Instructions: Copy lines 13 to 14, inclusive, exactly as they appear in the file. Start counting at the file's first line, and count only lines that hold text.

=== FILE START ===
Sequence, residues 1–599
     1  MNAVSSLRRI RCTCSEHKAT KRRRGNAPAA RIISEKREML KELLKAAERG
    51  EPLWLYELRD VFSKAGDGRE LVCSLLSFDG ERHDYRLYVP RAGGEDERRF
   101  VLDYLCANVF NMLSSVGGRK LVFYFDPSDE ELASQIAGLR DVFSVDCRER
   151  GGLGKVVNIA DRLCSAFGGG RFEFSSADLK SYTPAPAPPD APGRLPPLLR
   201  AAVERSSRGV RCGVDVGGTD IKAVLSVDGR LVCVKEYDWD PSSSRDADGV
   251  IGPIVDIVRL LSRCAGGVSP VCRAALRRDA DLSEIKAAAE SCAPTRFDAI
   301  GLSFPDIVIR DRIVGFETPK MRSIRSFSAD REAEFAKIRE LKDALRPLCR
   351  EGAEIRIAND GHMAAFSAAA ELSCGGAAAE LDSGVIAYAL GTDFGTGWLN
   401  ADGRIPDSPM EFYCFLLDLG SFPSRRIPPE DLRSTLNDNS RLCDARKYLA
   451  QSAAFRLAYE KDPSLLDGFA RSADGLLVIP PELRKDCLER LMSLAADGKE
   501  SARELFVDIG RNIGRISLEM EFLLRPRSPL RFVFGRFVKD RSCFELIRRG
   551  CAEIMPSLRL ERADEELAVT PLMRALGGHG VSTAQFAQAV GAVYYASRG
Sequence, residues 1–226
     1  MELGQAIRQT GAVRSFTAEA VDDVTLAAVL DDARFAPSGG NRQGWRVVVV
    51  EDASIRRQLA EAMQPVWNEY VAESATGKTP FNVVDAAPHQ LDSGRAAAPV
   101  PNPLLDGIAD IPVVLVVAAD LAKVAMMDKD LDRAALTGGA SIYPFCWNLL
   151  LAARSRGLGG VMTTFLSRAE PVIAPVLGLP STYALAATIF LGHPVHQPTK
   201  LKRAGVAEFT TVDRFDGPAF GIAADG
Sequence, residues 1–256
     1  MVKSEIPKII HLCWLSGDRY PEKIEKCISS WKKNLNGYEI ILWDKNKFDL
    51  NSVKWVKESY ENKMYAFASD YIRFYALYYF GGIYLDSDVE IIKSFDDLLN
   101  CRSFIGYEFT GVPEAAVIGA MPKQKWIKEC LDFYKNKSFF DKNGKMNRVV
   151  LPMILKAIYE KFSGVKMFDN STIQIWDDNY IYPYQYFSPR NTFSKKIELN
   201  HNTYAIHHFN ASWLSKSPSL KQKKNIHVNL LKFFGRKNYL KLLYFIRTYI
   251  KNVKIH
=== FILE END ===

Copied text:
   551  CAEIMPSLRL ERADEELAVT PLMRALGGHG VSTAQFAQAV GAVYYASRG
Sequence, residues 1–226